In 1998 the Lambeth Conference took up the theme of “reception.” Resolution III.2 called upon the provinces of the Communion “to uphold the principle of ‘Open Reception’ … noting that ‘reception is a long and spiritual process.’” Calls to declare that process at an end not only flout a Lambeth resolution: they also completely misunderstand what a “process of reception” is. We cannot declare the universal Church to have arrived at a consensus in favour of something when it patently hasn’t, just because we’ve got tired of waiting.

That, then, is the basis on which we have been living together in the Church of England. Overall, it has worked. Women ministered as priests in every diocese from the outset. Catholic parishes have been able to continue their life and witness with integrity. I am not aware of anyone being denied ordination for opposing women’s ordination. Twenty years on, God is calling young men of traditional catholic views to the priesthood in increasing numbers. Only the promise of no discrimination in senior appointments has not been honoured. The ministry of the Provincial Episcopal Visitors (“flying bishops”) has seen downs as well as ups, but the best of them have modelled a style of episcopacy that has been widely welcomed.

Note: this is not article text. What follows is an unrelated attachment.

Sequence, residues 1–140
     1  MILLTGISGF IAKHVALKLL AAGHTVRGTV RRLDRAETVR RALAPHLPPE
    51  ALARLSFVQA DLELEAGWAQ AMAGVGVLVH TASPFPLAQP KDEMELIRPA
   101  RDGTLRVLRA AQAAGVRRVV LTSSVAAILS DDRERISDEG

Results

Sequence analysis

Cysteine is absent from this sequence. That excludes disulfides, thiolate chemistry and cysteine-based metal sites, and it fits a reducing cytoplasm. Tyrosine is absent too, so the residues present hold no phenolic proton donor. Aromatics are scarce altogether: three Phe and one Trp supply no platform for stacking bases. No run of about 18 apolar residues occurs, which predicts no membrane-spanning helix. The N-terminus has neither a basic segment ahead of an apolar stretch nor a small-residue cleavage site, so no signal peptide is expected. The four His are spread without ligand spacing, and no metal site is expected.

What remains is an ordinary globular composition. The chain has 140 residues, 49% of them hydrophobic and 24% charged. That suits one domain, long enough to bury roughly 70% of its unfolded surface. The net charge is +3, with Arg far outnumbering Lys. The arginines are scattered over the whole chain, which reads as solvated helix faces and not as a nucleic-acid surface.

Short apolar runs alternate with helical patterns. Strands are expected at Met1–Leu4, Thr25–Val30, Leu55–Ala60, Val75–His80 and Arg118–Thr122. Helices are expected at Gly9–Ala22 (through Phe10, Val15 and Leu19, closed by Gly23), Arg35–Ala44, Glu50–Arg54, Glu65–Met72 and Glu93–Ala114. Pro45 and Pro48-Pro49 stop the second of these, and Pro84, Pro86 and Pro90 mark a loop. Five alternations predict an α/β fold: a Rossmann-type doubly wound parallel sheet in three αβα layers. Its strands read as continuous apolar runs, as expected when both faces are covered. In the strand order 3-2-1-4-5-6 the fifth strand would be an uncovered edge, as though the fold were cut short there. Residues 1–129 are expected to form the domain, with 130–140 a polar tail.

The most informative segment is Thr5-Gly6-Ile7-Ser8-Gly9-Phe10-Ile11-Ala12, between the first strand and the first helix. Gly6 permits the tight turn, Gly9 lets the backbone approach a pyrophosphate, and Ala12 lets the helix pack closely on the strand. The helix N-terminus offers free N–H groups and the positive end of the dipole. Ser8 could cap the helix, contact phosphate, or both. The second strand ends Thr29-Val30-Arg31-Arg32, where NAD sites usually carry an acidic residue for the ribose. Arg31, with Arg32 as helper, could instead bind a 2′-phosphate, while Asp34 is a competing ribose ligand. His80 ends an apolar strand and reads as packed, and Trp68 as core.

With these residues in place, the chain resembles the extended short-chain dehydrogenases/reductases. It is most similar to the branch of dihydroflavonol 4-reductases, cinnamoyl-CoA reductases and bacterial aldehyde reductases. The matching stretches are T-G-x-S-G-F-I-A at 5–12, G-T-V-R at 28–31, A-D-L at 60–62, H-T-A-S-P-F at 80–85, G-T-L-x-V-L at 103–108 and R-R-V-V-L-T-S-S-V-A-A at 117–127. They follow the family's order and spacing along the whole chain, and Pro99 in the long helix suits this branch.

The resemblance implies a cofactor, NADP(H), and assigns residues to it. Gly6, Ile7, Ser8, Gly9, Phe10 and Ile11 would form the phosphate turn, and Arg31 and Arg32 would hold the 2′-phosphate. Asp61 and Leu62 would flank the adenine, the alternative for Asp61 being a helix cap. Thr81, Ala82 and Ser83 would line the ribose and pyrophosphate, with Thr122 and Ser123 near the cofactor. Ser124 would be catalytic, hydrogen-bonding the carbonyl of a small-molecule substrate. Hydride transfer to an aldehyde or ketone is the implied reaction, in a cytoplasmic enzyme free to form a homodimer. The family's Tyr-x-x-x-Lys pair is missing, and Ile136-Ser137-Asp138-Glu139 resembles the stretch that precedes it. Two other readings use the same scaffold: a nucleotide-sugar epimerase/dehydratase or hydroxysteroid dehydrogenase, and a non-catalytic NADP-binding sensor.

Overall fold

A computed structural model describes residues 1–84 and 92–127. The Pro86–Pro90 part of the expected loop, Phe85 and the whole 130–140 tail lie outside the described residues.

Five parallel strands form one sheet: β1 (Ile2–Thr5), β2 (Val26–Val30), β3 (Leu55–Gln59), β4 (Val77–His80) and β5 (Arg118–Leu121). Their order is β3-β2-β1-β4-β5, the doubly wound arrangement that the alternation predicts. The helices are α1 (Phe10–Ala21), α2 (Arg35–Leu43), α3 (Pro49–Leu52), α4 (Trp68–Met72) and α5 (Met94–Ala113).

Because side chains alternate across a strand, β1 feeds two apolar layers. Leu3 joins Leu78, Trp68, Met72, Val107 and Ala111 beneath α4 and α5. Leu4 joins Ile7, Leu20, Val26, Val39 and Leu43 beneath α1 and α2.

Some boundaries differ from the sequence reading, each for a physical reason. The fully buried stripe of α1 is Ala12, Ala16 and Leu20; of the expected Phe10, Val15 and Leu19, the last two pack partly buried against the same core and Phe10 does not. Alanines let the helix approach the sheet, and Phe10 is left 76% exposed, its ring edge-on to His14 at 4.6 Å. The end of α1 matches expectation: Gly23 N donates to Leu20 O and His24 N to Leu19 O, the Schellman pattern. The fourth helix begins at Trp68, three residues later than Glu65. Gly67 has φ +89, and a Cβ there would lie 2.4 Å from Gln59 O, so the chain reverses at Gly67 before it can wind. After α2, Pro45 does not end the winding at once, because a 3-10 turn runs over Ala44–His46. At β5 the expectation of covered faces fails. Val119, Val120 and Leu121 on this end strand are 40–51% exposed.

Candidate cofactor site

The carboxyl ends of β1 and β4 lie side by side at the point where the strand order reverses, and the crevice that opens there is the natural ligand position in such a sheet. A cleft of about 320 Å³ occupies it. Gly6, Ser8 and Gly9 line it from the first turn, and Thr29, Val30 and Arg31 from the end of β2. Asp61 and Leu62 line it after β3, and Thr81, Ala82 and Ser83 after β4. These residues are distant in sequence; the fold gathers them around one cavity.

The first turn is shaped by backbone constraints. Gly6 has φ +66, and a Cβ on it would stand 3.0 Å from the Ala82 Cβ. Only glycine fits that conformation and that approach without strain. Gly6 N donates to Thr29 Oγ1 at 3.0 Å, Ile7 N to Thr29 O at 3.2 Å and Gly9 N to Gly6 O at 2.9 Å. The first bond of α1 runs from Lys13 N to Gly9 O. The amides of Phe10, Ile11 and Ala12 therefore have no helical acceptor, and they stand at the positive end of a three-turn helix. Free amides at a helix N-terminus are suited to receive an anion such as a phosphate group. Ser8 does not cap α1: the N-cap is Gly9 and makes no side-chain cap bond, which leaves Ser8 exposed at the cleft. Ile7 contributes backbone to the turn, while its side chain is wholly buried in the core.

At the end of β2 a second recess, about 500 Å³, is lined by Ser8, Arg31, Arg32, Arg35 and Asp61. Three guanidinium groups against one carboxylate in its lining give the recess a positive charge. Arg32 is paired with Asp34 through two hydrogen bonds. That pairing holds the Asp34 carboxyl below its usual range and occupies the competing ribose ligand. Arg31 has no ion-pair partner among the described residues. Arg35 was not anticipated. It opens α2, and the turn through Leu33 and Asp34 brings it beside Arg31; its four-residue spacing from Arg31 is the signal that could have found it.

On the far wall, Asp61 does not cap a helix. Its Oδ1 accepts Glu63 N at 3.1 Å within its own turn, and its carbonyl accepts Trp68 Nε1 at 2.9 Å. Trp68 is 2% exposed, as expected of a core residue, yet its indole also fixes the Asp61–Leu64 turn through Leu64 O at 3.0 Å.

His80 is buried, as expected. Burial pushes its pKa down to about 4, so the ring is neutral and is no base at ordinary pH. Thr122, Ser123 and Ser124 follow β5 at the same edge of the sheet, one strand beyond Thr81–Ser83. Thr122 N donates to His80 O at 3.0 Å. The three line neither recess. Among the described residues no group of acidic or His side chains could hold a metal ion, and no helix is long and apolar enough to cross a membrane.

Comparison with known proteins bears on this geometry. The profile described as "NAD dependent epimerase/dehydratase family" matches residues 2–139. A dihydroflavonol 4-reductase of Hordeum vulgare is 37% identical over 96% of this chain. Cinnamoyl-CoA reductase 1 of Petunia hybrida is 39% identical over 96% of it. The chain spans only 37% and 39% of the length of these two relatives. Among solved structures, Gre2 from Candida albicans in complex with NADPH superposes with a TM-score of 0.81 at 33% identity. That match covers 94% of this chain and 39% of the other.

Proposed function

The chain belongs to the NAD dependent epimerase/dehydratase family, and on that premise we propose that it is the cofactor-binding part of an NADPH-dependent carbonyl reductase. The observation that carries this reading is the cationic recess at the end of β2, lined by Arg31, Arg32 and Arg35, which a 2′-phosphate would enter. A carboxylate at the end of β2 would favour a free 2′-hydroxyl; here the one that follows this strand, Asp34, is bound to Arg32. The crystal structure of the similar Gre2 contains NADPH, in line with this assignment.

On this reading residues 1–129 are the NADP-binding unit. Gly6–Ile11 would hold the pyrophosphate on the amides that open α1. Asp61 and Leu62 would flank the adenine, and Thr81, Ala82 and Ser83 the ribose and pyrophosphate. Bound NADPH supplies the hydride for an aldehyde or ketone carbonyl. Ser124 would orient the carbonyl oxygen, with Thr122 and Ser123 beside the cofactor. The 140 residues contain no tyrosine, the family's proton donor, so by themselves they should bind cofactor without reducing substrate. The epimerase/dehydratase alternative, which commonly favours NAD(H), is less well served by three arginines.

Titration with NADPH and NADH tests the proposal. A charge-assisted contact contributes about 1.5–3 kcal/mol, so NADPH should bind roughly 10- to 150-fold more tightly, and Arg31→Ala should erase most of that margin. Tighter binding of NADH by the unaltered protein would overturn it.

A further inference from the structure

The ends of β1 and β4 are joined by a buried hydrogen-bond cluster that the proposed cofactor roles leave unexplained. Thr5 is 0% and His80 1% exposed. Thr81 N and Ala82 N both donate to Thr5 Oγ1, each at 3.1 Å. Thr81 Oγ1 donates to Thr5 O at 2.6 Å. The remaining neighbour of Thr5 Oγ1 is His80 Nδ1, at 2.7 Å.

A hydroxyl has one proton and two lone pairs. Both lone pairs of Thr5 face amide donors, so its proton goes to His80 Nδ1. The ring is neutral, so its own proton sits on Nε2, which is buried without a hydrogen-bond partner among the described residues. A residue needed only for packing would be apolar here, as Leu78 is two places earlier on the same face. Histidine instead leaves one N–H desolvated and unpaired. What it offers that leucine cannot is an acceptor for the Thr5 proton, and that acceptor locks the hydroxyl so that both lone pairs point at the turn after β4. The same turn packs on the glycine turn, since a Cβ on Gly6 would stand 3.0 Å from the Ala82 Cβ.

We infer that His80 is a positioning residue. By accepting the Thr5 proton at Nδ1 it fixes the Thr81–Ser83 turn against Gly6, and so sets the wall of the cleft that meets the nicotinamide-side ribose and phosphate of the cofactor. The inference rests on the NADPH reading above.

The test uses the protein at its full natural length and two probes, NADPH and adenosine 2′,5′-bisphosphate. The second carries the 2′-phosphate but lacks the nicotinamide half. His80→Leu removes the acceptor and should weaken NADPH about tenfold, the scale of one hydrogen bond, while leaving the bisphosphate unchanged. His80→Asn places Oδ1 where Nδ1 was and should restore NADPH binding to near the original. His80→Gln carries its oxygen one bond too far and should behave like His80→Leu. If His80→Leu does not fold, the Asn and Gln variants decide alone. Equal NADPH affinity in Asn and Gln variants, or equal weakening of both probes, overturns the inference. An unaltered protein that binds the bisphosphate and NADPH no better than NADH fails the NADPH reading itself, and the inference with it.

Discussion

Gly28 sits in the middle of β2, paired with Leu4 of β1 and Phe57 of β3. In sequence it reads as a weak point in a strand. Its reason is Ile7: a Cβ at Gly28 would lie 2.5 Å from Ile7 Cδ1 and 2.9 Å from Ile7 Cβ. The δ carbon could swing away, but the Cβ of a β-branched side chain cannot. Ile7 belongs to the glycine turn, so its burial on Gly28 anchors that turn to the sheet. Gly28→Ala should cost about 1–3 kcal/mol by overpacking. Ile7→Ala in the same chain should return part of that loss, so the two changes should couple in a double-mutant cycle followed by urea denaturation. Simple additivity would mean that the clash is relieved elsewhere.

Yet sadly there has also been an increasing separation and even polarization. Both sides must, I think, share the blame for that. There has been marginalization of those who adhere to traditional views, but also an element of self-marginalization — maybe, to some extent, in response. Those who feel unwanted, excluded and unloved have sometimes not made as much effort as they might to engage and socialize with the rest of the church. But how much effort has been made by those in positions of power — the majority — to encourage them to do so? Marginalization, exclusion, has not brought out the best in people. It rarely does. Some have simply become weary of participating in discussions in which they find themselves having to defend what they had once assumed to be central to Anglicanism and indeed to the Christian faith. That is something that I experienced myself towards the end of my twenty-five years in Church House, Westminster. Others adopted from the outset a combative stance that I find difficult to reconcile with the imitation of Christ to which we are called. In my judgement, such behaviour has proved in any case to be wholly counterproductive.